Posted by on Mar 22, 2018 in Blog | 0 comments

“My son’s deafness was “cured” by early cochlear implants but there is as yet no known treatment for the loss of peripheral vision, nor any way to predict the rate of progression. Literally, the only approved intervention is learn to use braille and a white cane – a folding stick with no light, no tech, no audio, no google maps directions….” ~Stacey Ashlund, parent activist

[Usher syndrome] “is a cruel disorder robbing [my sister] of both her vision and her hearing.” ~Peter Alexander, NBC News


Usher syndrome  is an autosomal recessive disorder. Autosomal means usher syndromethat both women and men can have the disorder and both sexes can pass it to their children.  Since it is recessive, people can be carriers and have no symptoms.  But if two carriers have children, there is a one in four chance that their child will have the syndrome.

Around 4 babies out of 100,000 are born with Usher syndrome.  It affects hearing, sight and balance. Sight loss is caused by retinitis pigmentosa (RP), a condition in which the retina deteriorates. The person first begins to lose their night vision, then their peripheral vision. Eventually they may, depending on their type, lose their sight completely.

There are three types of Usher syndrome, types 1, 2, and 3 which differ in severity and affected genes.

A child with type 1 Usher syndrome is born profoundly deaf.  Their balance is affected and they lose their sight earlier than in other types. Usually their night vision has decreased before they are 10.

Those with type 2 Usher syndrome are born with moderate to severe hearing loss, however their balance is normal. They begin to lose their night vision in their teens.

Children with type 3 have normal hearing at birth but progressively lose their hearing during their later  childhood or the beginning of their teenage years. They have normal or near-normal balance but may experience problems later in life. Their vision loss varies but often begins during their teens.

Parent activism

According to Gallup, vision loss is the third most feared condition, after cancer and AIDS.  A 2016 survey on public attitudes to eye health asked about the consequences of blindness. The top concerns were quality of life and loss of independence. It is not surprising that the public is concerned. According to the National Federation of the Blind, 70% of working age adults who are blind are unemployed.

Increasing awareness is an uphill struggle. As Stacey Ashlund, Family and Friends Coordinator for Usher1F and parent of a son with Usher syndrome said, “No one famous enough has the disease yet – which is a sad way to determine funding.”  But there are people trying to bring light to this devastating condition.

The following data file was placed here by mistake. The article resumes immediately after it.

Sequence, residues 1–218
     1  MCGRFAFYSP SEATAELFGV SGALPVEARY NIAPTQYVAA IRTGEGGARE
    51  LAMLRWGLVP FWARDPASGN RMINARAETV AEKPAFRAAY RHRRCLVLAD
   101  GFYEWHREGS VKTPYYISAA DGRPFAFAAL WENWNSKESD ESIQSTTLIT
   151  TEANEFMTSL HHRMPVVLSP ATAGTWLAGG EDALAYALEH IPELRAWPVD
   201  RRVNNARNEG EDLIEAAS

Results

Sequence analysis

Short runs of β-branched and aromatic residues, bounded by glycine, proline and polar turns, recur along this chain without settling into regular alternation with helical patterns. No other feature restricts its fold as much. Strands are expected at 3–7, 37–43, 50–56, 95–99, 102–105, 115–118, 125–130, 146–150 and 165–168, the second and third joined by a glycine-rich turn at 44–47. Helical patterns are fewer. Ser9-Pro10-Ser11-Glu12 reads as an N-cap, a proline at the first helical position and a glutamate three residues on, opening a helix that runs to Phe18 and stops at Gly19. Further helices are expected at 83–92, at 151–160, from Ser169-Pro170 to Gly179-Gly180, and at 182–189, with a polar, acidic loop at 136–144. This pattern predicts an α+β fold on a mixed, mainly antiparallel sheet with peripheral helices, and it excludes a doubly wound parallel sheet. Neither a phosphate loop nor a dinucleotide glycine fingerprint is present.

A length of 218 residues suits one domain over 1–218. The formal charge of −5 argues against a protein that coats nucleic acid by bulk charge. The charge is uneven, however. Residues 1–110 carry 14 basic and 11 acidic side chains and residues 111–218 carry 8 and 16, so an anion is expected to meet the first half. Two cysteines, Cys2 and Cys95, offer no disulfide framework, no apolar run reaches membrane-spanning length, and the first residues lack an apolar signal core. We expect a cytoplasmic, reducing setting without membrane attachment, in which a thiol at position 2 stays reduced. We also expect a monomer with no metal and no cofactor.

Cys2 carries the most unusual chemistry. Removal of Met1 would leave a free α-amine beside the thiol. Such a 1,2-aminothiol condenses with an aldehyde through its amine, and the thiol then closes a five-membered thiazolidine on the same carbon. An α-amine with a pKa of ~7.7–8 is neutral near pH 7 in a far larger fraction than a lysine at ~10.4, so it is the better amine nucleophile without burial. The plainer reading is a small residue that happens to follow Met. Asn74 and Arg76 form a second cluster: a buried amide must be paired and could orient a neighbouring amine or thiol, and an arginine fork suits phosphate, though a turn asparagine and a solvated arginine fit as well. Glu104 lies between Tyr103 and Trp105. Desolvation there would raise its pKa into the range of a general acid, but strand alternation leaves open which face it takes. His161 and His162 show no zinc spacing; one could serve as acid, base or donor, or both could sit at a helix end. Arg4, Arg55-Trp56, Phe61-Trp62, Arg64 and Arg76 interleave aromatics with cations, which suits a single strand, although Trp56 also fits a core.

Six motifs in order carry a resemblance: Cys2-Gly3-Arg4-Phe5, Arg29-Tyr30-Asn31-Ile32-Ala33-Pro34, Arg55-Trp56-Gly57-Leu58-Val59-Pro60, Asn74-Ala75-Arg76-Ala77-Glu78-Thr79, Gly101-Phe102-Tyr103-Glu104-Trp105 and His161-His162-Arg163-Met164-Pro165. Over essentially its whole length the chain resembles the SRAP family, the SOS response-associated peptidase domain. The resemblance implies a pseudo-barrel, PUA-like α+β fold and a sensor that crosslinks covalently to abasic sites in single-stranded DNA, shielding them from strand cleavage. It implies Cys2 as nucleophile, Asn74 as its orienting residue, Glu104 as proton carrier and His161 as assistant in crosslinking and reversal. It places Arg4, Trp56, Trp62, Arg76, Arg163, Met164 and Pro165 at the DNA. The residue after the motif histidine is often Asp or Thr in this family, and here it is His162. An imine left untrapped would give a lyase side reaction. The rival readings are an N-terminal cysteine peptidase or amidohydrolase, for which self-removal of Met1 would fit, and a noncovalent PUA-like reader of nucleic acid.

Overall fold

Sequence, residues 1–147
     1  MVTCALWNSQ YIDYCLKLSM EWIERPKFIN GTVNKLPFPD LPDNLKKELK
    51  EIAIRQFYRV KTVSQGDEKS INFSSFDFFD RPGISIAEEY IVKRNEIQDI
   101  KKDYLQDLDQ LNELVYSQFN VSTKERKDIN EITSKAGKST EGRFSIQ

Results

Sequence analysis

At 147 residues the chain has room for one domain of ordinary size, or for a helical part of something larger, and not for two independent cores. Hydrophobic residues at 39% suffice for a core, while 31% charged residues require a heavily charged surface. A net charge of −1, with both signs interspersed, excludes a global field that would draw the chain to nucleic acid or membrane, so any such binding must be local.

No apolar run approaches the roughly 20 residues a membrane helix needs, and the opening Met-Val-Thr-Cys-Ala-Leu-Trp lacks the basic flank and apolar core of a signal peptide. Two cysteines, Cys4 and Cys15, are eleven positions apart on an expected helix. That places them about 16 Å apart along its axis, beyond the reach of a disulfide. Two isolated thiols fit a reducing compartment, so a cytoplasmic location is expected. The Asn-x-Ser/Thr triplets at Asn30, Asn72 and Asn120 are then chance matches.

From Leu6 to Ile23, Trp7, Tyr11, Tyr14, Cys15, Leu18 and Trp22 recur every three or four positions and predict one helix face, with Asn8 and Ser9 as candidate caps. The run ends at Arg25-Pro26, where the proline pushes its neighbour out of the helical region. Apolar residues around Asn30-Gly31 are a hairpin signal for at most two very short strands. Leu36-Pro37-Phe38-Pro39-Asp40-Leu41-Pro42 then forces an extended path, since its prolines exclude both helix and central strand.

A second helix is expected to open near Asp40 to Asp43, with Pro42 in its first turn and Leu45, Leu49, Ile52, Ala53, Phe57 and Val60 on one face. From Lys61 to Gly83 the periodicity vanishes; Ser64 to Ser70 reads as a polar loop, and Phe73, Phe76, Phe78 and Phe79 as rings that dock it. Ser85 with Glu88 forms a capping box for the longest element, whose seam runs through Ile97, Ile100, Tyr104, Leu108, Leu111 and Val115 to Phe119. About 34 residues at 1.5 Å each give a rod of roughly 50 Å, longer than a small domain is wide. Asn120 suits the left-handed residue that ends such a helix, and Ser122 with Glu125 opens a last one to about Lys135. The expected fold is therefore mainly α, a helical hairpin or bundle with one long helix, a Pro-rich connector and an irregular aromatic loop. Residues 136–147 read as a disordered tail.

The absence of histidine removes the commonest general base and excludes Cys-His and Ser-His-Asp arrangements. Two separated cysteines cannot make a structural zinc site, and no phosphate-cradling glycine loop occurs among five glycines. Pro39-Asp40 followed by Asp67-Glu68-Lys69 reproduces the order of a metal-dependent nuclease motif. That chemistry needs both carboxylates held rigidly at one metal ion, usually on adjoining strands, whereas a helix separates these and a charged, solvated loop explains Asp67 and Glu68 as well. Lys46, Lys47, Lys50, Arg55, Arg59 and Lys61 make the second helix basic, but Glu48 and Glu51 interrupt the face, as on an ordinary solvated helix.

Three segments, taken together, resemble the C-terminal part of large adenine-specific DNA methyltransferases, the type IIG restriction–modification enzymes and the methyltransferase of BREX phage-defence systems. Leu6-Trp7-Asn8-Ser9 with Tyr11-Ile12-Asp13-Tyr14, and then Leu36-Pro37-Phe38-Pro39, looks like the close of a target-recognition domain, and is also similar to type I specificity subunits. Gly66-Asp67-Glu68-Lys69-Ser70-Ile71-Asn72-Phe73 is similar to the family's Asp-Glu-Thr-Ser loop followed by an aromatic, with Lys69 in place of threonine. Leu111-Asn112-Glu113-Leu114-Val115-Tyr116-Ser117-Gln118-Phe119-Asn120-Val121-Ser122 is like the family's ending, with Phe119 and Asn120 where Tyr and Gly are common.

After his daughter’s diagnosis of type 1 Usher syndrome, Jack LaCourse read the statistics and felt he usher syndromeneeded to do something.   At the consumer electronics show in January 2018, LaCourse was named a “Not Impossible Award Winner” for his invention of the BecDot, an educational toy to teach toddlers pre-braille concepts.

He and his wife are interested in traveling to help Rebecca see as much of the world as possible before she loses her sight. They also have a campaign called “Memories For Rebecca” which asks people to provide images of places they have visited.  According to their blog post, “We would like her to see the world through all of you.  We are interested in photos of places that you have visited and that you feel are must see places.”[Check out]

Another activist in the news is Rebecca Alexander, sister of  NBC White House correspondent, Peter Alexander, has type 3 Usher syndrome. To increase awareness, he took the How Eye See It Challenge.

The Usher Coalition connects families around the world to support each other.  Although it doesn’t directly fund research, it sponsors yearly conferences for researchers and families to learn from each other and to connect researchers to stimulate worldwide collaboration. The website features a podcast of research and community stories as well as an international Usher syndrome registry.

Like many rare diseases, funding for research has been incremental at best.  But another parent group is trying to push research forward. is an organization that directly funds research of a particular type of Usher syndrome.  As Ashlund explains, “We are fundraising for medical research in hopes of one day finding a cure for this blindness due to RP.”



*”Electroretinography: A test in which the electrical potentials generated by the retina of the eye are measured when the retina is stimulated by light.”